Leading forward in humility

I n July, I had the privilege of leading a group of 128 pastors and their wives to Israel. I must admit, it was one of the highlights of my ministry.

One day while visiting Bethlehem, we stopped at a gift shop. While our group was shopping, the owner of the tour company we went with asked me to find a small gift to take back for my office. As I perused the store, I really wanted to choose something that exemplified my calling. I really wanted one of David killing a lion with his bare hands, but that’s not what I do. I then found one of Jesus carrying a sheep on his shoulders—a picture of the Shepherd carrying His sheep. I loved it, but that is not what I do (that is a more accurate picture of a pastor). 

After searching for a while, I found the one that best represents my calling. It is a beautiful carving of Jesus on his knees washing the feet of Peter. This was it. This exemplifies what I live for—to serve with humility. 

If there is anything I have learned about leadership, it’s this: success makes you a more confident leader, failure makes you a more cautious leader, but humility makes you a better leader. Serving in any leadership capacity can be challenging. The stress and anxiety of day-to-day decisions often weigh heavy on the hearts and minds of leaders. The ever-changing culture adds to the complexities of leading. However, with the right mindset and posture of heart, leaders can excel in advancing the mission. 

I want to suggest two principles to live by in leading with humility: 

"When you lead with humility, you desire to honor those in your life. Paul challenges the church in Rome not only to honor others but to outdo each other in showing honor."

Realize our position

It is easy as you progress in your calling to become more self-confident and less self-aware. Oftentimes, success brings great things into your life: expanded influence, job promotions, salary raises, and a lot of affirmation. These are all good things. However, if we are not careful, it also brings pride, arrogance, a lack of concern for others, and a loss of gratitude.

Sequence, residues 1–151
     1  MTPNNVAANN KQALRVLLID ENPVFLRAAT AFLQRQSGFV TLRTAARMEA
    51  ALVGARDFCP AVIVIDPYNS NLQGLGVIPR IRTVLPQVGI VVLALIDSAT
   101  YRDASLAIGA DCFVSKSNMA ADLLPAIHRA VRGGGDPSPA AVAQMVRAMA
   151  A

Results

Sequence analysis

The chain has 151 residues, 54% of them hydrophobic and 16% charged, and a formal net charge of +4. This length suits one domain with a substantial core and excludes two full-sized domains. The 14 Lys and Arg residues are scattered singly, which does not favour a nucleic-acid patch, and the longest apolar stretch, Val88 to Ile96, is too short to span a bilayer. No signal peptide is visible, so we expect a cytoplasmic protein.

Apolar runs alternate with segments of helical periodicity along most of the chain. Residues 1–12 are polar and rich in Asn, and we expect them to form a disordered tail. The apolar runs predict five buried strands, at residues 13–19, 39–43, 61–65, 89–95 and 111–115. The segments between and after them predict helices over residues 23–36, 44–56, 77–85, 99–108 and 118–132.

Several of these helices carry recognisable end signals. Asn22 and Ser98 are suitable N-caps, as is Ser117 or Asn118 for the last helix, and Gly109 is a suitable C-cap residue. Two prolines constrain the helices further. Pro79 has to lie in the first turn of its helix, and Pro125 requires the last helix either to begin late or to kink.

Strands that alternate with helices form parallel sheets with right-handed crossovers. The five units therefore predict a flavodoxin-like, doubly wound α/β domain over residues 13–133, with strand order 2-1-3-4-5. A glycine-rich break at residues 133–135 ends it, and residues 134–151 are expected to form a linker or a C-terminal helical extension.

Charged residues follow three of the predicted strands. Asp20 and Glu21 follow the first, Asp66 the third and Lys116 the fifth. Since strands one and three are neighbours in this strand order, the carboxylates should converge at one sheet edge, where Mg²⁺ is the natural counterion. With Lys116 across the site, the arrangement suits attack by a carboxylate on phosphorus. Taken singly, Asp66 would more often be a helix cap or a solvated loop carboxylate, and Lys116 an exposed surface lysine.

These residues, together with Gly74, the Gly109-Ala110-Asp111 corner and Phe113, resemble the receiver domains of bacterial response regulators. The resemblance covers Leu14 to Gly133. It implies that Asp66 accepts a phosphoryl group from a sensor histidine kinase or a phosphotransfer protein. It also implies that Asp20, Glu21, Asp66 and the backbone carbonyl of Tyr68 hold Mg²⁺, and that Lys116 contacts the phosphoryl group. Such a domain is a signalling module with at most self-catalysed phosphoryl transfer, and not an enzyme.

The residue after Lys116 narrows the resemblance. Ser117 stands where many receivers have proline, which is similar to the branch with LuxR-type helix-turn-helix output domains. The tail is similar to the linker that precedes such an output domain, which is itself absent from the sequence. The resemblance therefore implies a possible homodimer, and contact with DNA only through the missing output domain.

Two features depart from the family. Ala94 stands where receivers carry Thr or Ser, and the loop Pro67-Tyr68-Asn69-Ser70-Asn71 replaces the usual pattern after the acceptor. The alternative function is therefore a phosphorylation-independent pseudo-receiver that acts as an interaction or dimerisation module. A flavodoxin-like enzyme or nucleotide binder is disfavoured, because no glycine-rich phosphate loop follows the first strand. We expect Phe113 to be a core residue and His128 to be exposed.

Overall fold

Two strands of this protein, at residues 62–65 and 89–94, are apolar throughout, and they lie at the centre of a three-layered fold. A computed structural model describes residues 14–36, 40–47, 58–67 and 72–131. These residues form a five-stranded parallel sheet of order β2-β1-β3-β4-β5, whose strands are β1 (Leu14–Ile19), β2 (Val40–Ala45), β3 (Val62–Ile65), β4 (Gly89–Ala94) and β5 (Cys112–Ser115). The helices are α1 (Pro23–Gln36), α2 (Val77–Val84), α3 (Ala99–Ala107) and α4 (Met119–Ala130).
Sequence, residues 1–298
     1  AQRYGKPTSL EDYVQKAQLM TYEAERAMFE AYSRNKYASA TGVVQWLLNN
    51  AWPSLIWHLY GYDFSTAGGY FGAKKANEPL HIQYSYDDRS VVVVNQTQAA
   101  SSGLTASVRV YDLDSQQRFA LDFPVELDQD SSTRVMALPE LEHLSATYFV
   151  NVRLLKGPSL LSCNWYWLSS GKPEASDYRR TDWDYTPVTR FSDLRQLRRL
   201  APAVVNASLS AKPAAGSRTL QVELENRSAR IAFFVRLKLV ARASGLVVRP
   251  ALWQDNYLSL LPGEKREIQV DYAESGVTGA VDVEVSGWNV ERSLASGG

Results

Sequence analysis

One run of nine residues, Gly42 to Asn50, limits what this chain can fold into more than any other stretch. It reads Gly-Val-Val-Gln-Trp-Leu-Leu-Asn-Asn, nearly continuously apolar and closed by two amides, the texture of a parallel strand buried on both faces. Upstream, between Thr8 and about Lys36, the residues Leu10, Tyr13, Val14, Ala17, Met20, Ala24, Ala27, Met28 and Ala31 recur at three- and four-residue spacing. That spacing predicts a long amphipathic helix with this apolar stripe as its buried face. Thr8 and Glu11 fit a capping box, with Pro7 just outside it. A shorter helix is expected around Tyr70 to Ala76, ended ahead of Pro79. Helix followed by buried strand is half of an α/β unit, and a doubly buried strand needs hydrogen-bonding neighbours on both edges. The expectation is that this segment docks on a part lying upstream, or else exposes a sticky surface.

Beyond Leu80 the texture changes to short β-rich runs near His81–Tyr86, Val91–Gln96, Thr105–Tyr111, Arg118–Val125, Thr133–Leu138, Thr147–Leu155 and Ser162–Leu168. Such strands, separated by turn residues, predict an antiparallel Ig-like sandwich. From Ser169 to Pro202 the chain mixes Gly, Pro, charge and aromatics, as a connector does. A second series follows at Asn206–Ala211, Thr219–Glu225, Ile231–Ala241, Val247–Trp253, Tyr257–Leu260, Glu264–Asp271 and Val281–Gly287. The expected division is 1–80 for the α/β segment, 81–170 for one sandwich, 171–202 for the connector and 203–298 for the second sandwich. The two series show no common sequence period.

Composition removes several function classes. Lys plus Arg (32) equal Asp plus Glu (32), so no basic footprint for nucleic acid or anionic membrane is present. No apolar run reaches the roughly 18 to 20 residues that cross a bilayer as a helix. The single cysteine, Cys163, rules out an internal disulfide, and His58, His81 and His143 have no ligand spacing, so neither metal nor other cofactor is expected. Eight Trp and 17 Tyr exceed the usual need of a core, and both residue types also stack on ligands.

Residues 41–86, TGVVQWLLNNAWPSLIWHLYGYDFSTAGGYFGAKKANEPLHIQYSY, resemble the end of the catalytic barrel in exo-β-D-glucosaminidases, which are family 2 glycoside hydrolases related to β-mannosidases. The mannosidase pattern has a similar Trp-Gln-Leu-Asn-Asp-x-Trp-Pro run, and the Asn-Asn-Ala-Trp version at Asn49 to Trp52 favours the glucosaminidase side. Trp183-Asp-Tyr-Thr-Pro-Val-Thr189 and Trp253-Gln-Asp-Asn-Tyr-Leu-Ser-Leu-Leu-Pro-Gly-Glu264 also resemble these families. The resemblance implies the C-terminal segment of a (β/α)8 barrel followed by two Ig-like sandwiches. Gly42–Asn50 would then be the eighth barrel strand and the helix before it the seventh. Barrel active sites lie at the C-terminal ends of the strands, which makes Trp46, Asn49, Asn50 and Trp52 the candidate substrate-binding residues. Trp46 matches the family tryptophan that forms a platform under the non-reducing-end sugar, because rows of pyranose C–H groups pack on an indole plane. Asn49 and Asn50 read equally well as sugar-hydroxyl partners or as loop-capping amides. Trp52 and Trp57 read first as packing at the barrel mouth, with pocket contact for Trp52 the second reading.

We must remember what 1 Peter 5:6 says: “Humble yourselves, therefore, under the mighty hand of God so that at the proper time He may exalt you.” As we lead forward, it is imperative to realize our position. Humility comes from a heart that is postured in submission to God. It comes from people who know they are nothing apart from the hand of God on their lives.

Honor others

One of my favorite verses is found in the second part of Romans 12:10: “Outdo one another in showing honor.” Leaders excel in this principle when they are secure in who they are in Christ. When you lead with humility, you desire to honor those in your life. Paul challenges the church in Rome not only to honor others but to outdo each other in showing honor. What a principle to live and lead by! As you lead forward in humility, find ways to honor the people God brings into your life. 

Leading is challenging, but doing so with humility is fulfilling. I encourage you as you lead to position your mind and heart to do so with humility. It will change your life and allow you to serve with joy and gratefulness. I love you and am humbled to serve you!

Executive Director
Nathan Lorick
Southern Baptists of Texas Convention
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